Part 3: The Candidate-Focused Recruiting Website

For the third and final part of our series, we turn our attention to the candidate-focused recruiting website. Our goal is to help recruiters reach their intended audience. In Part 1 we took a broader approach to understanding how best to determine the audience of your recruiting website and how to cater your digital presence to reflect that audience. In Part 2 we considered what best practices should be implemented in order to develop a compelling and effective client-focused recruiting website. For this final installment, we consider what defines a candidate-focused recruiting website and what elements are integral to its success.

 

There are several focal points that we could discuss in terms of creating a dynamic candidate-focused recruiting website. Of all those points, two continually prove to be the most vital:  resume submittal and job search. Before discussing those factors, we need to consider perhaps the most overarching element of a candidate-focused recruiting website:  responsive design.

 

Candidates Are Mobile

According to Recruiter.com, 68 percent of the job seekers between the ages of 18-25 use mobile devices to conduct job searches. It is especially relevant to consider this particular statistic comes from 2014. This means the top of that range is nearing 30, therefore expanding the pool of mobile-device using candidates. With a market that has grown even more saturated with mobile devices, every candidate-focused website requires responsive design. Designing a website that considers its mobile audience is imperative; consequently, its important to remember these elements when considering resume submittal and job search functions.

 

Resume Submittal

The primary reason for candidates have for visiting your recruiting website is to find a better, more exciting opportunity. If you are not providing uncomplicated access to opportunities, they are going to abandon your website for someone who is. Resume submittal can quickly become a jumbled mess, with candidates vying for different, and sometimes faulty, formats and designs. Therefore you might encourage candidates to fill out a form in lieu of submitting a resume. This is a misstep. Many of your candidates are already on a mobile device; therefore, ask yourself if you would be likely to complete an entire form while on your commute or lunch break. If you are truly working to create a candidate-focused recruiting website, you have to keep your candidate first. Make a process that allows them to quickly and easily supply you with their information.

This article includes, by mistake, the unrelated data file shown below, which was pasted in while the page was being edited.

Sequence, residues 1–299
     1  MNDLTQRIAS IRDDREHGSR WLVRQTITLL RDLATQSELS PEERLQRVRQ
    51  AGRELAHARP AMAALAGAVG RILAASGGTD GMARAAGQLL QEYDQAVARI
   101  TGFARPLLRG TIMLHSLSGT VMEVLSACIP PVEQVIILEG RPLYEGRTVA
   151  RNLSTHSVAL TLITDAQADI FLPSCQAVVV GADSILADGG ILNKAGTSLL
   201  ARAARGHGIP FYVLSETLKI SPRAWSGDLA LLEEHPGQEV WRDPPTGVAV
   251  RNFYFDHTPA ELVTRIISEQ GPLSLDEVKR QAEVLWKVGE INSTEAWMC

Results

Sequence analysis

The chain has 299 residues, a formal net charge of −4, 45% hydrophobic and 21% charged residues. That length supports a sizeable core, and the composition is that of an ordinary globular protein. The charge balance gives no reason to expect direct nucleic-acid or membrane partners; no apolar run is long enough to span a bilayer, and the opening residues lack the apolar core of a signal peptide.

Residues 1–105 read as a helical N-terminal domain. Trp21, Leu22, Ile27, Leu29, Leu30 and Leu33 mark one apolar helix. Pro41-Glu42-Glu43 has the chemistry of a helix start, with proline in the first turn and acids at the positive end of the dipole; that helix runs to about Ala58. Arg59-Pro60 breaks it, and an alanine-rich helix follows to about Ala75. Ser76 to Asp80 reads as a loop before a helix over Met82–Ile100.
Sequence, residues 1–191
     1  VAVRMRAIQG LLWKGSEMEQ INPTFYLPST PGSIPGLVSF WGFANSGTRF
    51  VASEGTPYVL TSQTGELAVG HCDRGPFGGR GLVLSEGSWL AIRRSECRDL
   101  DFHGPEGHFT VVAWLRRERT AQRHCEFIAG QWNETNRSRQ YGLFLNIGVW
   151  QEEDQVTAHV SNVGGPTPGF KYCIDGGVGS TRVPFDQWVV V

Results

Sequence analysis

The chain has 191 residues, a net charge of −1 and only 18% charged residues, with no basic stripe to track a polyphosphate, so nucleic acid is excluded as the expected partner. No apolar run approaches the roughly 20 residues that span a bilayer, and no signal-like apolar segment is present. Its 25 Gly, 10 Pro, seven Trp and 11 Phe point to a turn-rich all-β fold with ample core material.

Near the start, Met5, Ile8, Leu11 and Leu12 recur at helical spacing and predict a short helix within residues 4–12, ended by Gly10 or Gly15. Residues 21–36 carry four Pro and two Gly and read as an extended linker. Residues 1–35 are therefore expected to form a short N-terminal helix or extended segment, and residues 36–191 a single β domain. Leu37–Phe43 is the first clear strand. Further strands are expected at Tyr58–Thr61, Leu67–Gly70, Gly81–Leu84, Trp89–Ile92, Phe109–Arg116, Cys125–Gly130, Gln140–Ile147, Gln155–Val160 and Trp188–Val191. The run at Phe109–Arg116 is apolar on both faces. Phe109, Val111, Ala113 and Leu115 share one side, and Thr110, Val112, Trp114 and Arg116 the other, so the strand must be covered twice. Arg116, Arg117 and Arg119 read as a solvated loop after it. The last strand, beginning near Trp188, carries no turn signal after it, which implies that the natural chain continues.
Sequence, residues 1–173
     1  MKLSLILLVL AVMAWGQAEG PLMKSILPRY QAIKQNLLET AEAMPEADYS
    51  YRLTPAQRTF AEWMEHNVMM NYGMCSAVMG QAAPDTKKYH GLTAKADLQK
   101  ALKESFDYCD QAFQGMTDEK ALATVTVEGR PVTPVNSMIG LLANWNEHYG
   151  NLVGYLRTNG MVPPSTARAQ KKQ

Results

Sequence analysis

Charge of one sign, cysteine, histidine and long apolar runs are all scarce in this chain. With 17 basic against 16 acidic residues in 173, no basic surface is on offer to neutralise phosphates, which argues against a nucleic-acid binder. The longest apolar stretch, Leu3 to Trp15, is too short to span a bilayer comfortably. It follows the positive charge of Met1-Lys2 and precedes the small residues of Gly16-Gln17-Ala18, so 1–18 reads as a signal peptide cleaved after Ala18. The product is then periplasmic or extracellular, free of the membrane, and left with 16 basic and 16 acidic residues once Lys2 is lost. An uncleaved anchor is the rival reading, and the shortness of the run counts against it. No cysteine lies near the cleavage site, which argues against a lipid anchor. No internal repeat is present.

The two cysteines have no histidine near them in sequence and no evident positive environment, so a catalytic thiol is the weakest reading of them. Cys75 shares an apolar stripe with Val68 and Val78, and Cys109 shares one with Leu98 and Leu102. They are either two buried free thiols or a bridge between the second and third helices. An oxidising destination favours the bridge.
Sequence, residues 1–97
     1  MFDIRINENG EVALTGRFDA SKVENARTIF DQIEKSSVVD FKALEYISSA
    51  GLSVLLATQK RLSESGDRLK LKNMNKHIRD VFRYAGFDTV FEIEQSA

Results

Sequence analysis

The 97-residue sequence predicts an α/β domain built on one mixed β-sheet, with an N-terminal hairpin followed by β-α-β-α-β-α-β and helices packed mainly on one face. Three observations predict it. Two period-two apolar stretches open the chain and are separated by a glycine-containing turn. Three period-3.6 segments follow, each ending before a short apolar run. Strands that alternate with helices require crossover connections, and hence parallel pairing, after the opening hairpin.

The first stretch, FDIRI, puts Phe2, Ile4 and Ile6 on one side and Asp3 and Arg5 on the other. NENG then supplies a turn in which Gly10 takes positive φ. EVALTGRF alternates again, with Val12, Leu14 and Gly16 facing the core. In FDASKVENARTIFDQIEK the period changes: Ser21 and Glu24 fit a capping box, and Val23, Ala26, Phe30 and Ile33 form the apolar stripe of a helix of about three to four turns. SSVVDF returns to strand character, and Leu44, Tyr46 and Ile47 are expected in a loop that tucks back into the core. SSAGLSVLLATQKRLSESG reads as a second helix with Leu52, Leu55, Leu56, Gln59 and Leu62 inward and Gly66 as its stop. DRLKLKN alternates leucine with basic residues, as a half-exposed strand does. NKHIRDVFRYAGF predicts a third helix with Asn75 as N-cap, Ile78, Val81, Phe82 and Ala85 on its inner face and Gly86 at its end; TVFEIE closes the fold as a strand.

Job Search

Again, the ultimate goal of candidates is to find that next great job. You have those jobs, so you should make it easy for your candidates to discover those opportunities? Prominent, attractive calls-to-action encourage your candidates to search your jobs. A strong SEO strategy helps qualified candidates find you through search engine results. This is essential to maximizing the effect of your job search function on a candidate-focused recruiting website. As a result, you should be mindful of how responsive your job search function is. A mobile-friendly job search page that is intuitive and easy to navigate can mean the difference between making placements and missing great talent.

 

Is your candidate-focused recruiting website responsive and mobile-friendly? Do you make it easy for you candidates to submit resumes? Do you provide easy and accessible job search functions? If you’re doing these things then you are well on your way to a more productive candidate-focused recruiting website.

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Adam Appleton

Adam is a copywriter, editor and content specialist. He focuses on creating content for clients that not only connects with the audience but also looks great and improves SEO.